|Document Type:||Journal Article|
|Title:||Biotic and abiotic factors influencing forage fish and pelagic nekton community in the Columbia River plume (USA) throughout the upwelling season 1999-2009|
|Author:||Marisa N.C. Litz, Robert L. Emmett, Paul J. Bentley, Andrew M. Claiborne, Caren Barceló|
|Journal:||ICES Journal of Marine Science|
|Keywords:||fish assemblages, Columbia River plume, forage fish, pelagic nekton,|
Large river plumes modify coastal environments and can impact production across multiple trophic levels. From 1999 to 2009, the assemblages of forage fish, predator fish, and other pelagic nekton were monitored in coastal waters associated with the Columbia River plume. Surveys were conducted at night to target vertically migrating species, and community structure evaluated to better understand ecological interactions. Distinct inshore and offshore communities were identified during spring and summer that were correlated with ocean temperature, salinity, plume volume, and upwelling intensity. Resident euryhaline forage fish species, such as smelts, anchovy, herring, market squid, juvenile salmon, and spiny dogfish, showed a high affinity for inshore habitat and the lower salinity plume during spring. Highly migratory species, such as sardine, piscivorous hake, sharks, and mackerels, were associated with warmer, saltier waters offshore, during strong upwelling periods in summer. Overall, our study of pelagic nekton revealed that temporal dynamics in abundance and community composition were associated with seasonal abiotic phenomenon, but not interannual, large-scale oceanographic processes. Forage fish assemblages differed seasonally and spatially from the assemblages of major piscivorous predators. This finding suggests a potential role of the plume as refuge for forage fish from predation by piscivorous fish in the northern California Current.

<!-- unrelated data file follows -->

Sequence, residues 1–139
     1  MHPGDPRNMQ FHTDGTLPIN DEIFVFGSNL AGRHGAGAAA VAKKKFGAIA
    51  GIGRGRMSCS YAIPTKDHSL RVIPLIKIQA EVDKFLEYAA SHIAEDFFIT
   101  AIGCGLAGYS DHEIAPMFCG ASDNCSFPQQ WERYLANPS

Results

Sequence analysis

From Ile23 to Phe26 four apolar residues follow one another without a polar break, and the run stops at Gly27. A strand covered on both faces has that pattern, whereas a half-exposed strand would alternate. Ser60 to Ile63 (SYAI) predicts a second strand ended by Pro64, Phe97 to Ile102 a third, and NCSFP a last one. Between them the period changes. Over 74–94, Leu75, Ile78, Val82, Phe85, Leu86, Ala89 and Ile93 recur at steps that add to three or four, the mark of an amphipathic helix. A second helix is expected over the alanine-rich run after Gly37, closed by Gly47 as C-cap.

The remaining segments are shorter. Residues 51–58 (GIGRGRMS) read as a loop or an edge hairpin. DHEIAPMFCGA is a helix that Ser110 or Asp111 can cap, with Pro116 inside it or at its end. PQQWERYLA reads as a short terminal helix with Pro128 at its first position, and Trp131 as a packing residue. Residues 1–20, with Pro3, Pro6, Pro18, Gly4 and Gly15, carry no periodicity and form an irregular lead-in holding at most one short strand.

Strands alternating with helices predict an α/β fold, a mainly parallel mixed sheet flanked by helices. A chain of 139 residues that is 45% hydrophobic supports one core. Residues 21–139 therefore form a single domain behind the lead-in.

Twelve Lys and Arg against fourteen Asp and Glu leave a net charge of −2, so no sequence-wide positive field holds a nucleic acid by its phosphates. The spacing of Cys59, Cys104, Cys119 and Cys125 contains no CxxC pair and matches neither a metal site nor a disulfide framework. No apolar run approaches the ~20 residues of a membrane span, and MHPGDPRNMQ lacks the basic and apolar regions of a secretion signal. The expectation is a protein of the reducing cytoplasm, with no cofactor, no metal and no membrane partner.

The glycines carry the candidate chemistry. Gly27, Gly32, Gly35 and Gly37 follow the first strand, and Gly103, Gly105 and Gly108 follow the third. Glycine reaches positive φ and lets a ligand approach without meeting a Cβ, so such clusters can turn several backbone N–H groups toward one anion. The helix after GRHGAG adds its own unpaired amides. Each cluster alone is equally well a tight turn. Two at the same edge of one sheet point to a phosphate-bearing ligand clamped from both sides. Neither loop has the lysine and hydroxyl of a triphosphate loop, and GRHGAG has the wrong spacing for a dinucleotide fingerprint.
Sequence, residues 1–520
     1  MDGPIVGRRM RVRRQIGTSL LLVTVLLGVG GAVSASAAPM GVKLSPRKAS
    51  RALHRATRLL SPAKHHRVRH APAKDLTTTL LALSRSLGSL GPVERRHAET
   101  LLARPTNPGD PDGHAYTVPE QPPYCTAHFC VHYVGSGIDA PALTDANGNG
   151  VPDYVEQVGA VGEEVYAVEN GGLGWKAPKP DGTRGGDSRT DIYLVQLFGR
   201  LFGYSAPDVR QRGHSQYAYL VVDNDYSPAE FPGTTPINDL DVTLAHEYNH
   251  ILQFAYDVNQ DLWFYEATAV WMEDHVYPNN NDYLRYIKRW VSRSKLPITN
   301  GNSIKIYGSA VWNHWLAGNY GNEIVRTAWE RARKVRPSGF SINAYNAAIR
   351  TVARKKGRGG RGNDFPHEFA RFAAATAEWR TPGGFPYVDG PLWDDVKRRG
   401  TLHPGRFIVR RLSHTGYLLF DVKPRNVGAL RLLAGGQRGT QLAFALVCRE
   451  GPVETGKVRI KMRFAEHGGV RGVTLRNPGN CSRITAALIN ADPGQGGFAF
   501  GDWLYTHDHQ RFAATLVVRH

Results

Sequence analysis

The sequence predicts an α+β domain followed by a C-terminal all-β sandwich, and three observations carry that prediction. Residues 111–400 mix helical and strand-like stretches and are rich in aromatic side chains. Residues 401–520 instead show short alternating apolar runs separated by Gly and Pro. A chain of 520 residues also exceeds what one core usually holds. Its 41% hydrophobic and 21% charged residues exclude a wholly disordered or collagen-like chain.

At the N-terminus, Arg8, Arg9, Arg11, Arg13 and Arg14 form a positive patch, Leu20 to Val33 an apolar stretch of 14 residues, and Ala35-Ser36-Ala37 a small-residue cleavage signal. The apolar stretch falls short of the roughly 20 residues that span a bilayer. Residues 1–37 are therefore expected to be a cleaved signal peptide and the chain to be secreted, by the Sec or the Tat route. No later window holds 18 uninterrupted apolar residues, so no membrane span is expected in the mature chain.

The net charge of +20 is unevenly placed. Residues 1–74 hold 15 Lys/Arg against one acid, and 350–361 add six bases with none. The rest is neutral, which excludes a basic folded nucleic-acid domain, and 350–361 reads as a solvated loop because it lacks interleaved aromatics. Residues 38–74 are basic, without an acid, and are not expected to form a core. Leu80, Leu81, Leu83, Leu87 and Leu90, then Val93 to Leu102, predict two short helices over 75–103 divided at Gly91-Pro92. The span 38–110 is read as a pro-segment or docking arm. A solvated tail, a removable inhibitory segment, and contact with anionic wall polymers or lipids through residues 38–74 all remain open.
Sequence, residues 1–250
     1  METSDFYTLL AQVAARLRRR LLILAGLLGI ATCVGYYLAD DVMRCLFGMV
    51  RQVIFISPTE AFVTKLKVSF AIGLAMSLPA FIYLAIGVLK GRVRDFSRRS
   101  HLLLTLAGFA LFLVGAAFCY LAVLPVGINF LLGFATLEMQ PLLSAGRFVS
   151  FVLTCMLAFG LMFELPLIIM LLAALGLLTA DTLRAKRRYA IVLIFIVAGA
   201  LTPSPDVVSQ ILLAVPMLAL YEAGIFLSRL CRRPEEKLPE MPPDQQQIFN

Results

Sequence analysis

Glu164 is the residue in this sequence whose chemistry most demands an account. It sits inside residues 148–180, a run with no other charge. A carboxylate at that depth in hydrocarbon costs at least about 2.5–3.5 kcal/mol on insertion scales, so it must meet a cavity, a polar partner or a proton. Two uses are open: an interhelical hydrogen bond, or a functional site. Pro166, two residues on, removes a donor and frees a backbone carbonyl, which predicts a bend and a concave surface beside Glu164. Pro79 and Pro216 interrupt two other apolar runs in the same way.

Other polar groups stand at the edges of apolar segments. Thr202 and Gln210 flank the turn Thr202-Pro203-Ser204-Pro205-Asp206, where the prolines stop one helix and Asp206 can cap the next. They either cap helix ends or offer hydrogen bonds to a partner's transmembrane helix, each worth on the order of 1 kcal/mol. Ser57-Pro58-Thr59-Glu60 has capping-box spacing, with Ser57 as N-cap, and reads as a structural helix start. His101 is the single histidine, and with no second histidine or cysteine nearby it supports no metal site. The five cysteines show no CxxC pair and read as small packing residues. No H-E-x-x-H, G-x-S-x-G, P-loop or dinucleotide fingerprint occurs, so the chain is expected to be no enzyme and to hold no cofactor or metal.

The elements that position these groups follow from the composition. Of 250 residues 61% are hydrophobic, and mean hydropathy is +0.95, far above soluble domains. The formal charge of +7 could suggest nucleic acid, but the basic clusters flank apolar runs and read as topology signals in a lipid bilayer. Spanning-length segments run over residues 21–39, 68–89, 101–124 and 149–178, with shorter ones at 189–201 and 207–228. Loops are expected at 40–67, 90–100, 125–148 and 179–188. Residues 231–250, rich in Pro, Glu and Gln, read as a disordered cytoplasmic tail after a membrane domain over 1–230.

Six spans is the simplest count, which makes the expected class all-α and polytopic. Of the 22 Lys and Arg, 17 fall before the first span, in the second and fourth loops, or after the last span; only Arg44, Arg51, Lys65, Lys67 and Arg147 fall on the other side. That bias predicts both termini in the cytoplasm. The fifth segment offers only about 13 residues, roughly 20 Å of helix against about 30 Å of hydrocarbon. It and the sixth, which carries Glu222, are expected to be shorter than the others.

|Theme:||Ecosystem approach to improve management of marine resources|
Characterize ecological interactions (e.g. predation, competition, parasitism, disease, etc.) within and among species.